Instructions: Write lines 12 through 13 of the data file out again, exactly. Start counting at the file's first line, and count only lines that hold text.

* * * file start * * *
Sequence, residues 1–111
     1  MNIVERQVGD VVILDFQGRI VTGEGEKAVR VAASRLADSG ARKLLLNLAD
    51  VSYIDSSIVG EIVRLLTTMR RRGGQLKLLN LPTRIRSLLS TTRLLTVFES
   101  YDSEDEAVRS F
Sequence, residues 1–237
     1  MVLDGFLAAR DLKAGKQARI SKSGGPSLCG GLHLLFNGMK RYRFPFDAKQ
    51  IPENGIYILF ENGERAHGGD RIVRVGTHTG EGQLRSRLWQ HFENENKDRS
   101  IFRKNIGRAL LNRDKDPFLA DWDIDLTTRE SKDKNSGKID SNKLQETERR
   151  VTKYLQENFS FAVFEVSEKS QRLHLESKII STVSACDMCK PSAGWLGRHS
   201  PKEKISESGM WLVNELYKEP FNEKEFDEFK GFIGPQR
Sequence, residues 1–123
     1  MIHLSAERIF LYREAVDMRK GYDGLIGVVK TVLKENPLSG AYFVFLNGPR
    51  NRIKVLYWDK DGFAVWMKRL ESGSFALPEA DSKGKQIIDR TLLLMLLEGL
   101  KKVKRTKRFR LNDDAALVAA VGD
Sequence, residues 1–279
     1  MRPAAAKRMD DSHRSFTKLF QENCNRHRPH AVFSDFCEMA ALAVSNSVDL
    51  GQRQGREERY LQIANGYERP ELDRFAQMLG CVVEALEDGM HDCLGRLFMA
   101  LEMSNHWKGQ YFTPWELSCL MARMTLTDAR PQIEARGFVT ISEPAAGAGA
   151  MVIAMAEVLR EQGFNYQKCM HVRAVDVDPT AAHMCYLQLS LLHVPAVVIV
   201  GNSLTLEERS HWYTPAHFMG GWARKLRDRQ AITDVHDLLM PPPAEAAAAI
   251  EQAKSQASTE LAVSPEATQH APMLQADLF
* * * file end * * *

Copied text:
     1  MIHLSAERIF LYREAVDMRK GYDGLIGVVK TVLKENPLSG AYFVFLNGPR
    51  NRIKVLYWDK DGFAVWMKRL ESGSFALPEA DSKGKQIIDR TLLLMLLEGL